Each year, the African American Cultural Center holds a special commemoration in honor of Dr. Martin Luther King, Jr. around his January 15 birthday. This year’s program took place last Wednesday at noon in Talley Student Center’s Stewart Theater with keynote speaker, lawyer and activist, Morris Dees. Founder of the Southern Poverty Law Center (SPLC), Dees defended many victims of hate groups, and worked endlessly to fight against hate groups and the crimes that they commit. Some of Dees’ most notable work has been attempting to disenfranchise the Ku Klux Klan, a domestic terrorist organization that has wreaked havoc across this nation.
After an introduction from Black Students Board President, Kornelius Bascombe, a sophomore in criminology, Provost Larry A. Nielsen gave a more detailed introduction, quoting Dr. King and referencing President Barack Obama’s inauguration, stating that this was a time to, “reflect on the meanings of truth and justice in this nation and the world.” The provost added that like Dr. King, he too believes that education is necessary in the ending of prejudice and hate.
The students of the Vital Link Academy ranging in age from three to nine years old, preformed the Black National Anthem, “Lift Every Voice and Sing,” by James Weldon Johnson. The students sang every verse and knew all the words despite their young ages, and afterwards received a standing ovation. Jose Picart, the vice provost for the Office for Diversity and Inclusion, introduced the guest of honor, Mr. Morris Dees. Picart enthusiastically stated “Dees uses the law like a sword in his battle against racism and hatred.”
Dees began his speech by reflecting on his childhood and how his teacher impressed on him the value of liberty and justice for all. He referenced Dr. King’s “I Have Been to the Mountaintop” speech. This speech refers to Biblical times when the Hebrews looked across the Jordan River at the Promised Land. Some said that they should turn back, so the Hebrews wandered in the wilderness for forty more years. Then, a new generation took over. Dees said that in 2009, “we are back now at the edges of that river.” mentioning that we have a front seat to history, with the inauguration of President Obama. However, the march for justice still continues. He added that even though Obama was elected to be president, it does not mean that America has solved its problems with inequality
Dees then said that the biggest divide in this country is between the haves and the have-nots. Class issues are the most prevalent in this country; regardless of race, there are millions without any health insurance, for example. Dees listed three great events that have drastically changed the social dynamics in America: the Civil War, the Civil Rights Movement, and the election of Barack Obama. He hopes that America would keep progressing forward.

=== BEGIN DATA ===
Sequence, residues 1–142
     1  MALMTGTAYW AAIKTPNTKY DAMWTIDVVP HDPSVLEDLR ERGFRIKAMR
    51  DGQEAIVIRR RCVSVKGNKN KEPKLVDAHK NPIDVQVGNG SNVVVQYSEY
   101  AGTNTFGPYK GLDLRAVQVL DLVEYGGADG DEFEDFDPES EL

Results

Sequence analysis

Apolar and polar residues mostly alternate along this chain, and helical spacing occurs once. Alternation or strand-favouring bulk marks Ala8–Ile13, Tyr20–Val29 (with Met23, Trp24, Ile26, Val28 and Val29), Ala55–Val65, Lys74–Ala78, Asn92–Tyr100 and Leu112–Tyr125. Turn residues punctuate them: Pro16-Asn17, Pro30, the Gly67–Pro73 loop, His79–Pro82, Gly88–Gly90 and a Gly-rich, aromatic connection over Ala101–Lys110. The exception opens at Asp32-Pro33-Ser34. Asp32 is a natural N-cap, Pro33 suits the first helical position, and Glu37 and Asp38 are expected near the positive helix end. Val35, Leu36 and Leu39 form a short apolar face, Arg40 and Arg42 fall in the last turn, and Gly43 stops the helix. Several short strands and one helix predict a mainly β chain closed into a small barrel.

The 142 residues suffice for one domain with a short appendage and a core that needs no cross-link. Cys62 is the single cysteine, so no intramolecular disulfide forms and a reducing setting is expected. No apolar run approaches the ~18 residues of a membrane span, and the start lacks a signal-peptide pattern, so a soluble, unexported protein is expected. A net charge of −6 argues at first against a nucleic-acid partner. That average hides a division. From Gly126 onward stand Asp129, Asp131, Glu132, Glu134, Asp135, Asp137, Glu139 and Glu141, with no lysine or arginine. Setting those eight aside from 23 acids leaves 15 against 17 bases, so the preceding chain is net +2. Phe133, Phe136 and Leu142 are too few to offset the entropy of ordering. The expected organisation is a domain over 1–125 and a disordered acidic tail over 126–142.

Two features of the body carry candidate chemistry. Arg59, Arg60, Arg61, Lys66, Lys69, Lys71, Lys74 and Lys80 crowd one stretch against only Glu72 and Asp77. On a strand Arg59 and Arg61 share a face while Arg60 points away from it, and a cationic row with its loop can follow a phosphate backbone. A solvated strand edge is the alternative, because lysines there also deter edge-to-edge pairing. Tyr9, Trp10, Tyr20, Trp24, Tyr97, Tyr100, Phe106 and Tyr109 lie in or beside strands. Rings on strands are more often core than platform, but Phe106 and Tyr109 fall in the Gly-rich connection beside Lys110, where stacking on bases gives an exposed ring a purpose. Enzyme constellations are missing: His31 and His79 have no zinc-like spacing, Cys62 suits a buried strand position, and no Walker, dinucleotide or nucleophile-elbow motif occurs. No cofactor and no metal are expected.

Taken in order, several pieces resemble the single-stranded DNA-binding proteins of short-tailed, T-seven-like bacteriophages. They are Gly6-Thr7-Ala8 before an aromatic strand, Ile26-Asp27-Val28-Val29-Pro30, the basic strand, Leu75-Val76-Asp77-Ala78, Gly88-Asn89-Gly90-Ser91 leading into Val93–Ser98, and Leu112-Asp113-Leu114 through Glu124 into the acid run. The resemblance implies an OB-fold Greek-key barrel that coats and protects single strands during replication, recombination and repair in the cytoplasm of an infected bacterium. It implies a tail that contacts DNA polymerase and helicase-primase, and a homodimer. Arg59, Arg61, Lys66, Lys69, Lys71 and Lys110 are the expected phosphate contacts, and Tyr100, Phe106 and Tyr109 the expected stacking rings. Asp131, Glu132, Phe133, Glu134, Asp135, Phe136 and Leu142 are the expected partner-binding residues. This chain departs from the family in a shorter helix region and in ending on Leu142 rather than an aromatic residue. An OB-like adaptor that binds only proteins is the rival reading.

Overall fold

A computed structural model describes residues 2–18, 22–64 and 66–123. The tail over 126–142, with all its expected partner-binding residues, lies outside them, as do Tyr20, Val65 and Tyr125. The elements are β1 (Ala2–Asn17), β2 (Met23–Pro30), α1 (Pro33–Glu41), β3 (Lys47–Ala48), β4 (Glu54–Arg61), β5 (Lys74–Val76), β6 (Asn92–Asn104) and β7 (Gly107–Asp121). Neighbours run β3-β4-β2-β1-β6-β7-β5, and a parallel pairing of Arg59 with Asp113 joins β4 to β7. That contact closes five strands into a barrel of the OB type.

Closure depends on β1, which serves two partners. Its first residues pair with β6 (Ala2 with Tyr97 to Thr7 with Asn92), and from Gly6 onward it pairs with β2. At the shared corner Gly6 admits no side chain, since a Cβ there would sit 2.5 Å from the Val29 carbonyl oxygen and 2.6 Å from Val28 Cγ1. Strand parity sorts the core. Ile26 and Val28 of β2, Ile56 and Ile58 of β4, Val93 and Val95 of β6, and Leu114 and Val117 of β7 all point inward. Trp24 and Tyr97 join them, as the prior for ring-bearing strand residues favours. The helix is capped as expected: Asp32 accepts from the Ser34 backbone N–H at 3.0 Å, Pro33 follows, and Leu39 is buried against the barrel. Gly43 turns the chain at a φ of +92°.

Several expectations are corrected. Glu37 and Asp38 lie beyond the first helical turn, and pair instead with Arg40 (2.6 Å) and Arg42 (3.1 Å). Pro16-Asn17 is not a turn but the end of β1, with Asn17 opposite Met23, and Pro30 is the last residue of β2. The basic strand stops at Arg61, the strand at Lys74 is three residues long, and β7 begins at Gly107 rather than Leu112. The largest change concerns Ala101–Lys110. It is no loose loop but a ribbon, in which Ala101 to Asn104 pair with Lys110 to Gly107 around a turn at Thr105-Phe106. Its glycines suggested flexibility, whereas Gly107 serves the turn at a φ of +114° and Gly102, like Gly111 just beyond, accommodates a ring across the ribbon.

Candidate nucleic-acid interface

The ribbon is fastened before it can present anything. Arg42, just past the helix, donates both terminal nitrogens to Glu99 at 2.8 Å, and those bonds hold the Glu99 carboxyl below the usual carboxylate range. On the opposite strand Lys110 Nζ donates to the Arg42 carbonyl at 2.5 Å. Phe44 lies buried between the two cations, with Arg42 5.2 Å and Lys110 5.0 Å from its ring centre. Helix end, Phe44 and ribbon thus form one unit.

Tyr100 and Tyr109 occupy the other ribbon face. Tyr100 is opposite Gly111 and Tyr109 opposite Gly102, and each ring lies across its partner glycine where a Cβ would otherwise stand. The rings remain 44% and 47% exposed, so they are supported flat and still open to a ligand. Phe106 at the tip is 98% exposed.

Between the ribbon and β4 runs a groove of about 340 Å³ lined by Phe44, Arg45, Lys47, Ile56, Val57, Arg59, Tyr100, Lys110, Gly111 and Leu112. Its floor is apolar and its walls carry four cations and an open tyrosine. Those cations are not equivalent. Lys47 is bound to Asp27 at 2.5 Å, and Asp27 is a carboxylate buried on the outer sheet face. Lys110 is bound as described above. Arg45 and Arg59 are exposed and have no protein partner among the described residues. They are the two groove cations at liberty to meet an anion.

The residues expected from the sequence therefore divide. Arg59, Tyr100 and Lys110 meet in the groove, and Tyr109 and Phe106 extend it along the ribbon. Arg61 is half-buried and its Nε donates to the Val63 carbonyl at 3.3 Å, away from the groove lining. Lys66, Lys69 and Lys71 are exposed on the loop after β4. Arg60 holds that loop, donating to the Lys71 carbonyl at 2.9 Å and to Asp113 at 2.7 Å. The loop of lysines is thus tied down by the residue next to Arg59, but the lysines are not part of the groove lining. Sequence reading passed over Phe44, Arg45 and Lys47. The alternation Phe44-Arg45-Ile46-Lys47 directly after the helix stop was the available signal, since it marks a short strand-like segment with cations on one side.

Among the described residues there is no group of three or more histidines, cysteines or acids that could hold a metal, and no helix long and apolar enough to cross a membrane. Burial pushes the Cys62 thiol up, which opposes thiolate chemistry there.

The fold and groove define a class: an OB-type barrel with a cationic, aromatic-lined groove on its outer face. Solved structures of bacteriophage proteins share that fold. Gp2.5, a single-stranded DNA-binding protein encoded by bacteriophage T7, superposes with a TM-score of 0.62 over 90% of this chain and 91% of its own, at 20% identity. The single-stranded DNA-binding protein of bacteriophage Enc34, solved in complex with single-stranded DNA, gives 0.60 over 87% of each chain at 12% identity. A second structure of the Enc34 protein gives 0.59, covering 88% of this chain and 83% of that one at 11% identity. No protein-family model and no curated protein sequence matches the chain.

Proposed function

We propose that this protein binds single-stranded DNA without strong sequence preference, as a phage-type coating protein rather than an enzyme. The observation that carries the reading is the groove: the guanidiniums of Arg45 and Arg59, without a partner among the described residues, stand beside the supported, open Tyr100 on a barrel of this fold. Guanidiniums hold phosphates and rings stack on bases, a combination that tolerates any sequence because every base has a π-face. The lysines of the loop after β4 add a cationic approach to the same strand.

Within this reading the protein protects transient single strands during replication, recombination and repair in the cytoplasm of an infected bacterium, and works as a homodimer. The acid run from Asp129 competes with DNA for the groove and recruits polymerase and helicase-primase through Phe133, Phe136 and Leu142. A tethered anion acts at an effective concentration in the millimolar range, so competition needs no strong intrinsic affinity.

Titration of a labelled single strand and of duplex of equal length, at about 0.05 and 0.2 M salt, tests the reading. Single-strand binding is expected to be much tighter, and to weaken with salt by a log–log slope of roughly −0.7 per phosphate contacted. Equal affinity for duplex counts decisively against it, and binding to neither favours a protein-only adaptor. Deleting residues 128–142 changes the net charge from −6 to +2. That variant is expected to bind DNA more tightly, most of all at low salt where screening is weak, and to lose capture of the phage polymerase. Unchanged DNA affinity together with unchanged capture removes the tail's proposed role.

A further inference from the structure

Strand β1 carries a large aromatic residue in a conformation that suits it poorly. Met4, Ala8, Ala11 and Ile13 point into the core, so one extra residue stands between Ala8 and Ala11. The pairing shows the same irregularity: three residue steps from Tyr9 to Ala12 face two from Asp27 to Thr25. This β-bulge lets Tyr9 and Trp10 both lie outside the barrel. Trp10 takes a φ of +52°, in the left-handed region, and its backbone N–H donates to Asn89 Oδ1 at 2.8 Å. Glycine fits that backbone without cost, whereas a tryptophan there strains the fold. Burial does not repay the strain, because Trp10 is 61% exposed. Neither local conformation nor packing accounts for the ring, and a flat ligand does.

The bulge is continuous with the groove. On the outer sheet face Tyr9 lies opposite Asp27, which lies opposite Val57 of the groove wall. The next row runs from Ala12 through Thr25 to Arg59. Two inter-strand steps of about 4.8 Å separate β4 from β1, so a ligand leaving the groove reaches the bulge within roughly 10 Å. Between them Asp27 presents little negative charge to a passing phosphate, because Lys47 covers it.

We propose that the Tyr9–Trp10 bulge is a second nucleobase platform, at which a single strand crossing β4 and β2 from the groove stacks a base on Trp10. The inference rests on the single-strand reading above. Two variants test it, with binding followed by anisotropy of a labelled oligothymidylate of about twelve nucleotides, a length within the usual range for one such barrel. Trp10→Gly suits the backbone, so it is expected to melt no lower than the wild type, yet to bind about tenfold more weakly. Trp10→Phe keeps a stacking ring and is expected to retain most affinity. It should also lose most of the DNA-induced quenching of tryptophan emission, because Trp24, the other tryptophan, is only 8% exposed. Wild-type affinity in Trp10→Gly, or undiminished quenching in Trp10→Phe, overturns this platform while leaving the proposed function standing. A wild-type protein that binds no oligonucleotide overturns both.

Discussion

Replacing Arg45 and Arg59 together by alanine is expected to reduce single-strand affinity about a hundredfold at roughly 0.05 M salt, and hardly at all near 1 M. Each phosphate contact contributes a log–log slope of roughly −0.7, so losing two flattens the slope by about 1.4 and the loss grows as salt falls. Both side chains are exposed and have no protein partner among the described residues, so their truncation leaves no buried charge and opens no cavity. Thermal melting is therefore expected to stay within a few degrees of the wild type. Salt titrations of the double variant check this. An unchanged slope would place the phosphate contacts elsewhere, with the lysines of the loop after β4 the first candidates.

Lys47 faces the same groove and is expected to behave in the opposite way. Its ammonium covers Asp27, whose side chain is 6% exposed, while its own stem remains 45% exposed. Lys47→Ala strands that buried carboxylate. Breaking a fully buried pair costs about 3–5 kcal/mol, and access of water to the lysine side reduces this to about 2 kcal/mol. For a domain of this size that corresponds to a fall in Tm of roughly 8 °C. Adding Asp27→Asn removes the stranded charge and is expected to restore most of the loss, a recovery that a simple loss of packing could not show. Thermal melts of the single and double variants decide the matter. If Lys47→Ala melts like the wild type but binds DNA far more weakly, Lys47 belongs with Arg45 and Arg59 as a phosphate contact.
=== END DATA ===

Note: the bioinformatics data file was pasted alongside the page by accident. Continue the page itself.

Successively, Dees told a story of a Jewish family that lived in a rural area. Someone threw a brick through their window at their Menorah during Hanukkah. The town then came together to support the family by hanging paper menorahs in their windows. This was an example how people can build bridges between one another to increase love and understanding.
Dees closed by remarking on what Dr. King would say if he made his “I Have A Dream” speech today. He predicted that King might mention people in ghettos, people on reservations, immigrants, the homeless, and the powerless in his speech.
Dr. King had faith that people would someday achieve his dream. He addressed the current generation of college students, saying that he feels that when history unfolds, it will be America’s greatest. He said that like the profit Amos from the Bible, this generation is, “A generation that will not be satisfied until justice rolls down like water.”
Dees received a standing ovation. Dees was presented with the North Carolina State University Role Model Leader Award. After the program, John York, a junior in textile technology. said the program was, “Inspiring and empowering. Now I have more of a respect for [Dees]. It hit home.”
Afterwards, Dees commented on his current endeavors. He is now focusing on hate crimes against Latinos, particularly illegal immigrants. Dees is also continuing his tolerance education programs, instructing teachers how to teach minority students and deal with hateful students. As far as advice for students looking to follow in his footsteps, Dees said that the students don’t have to be lawyers, but can help out in their own way. He said that students should take it upon themselves to learn about other groups of people, and to focus on other people in need through community service. Morris Dees has great faith that the current college generation will change the world for the better.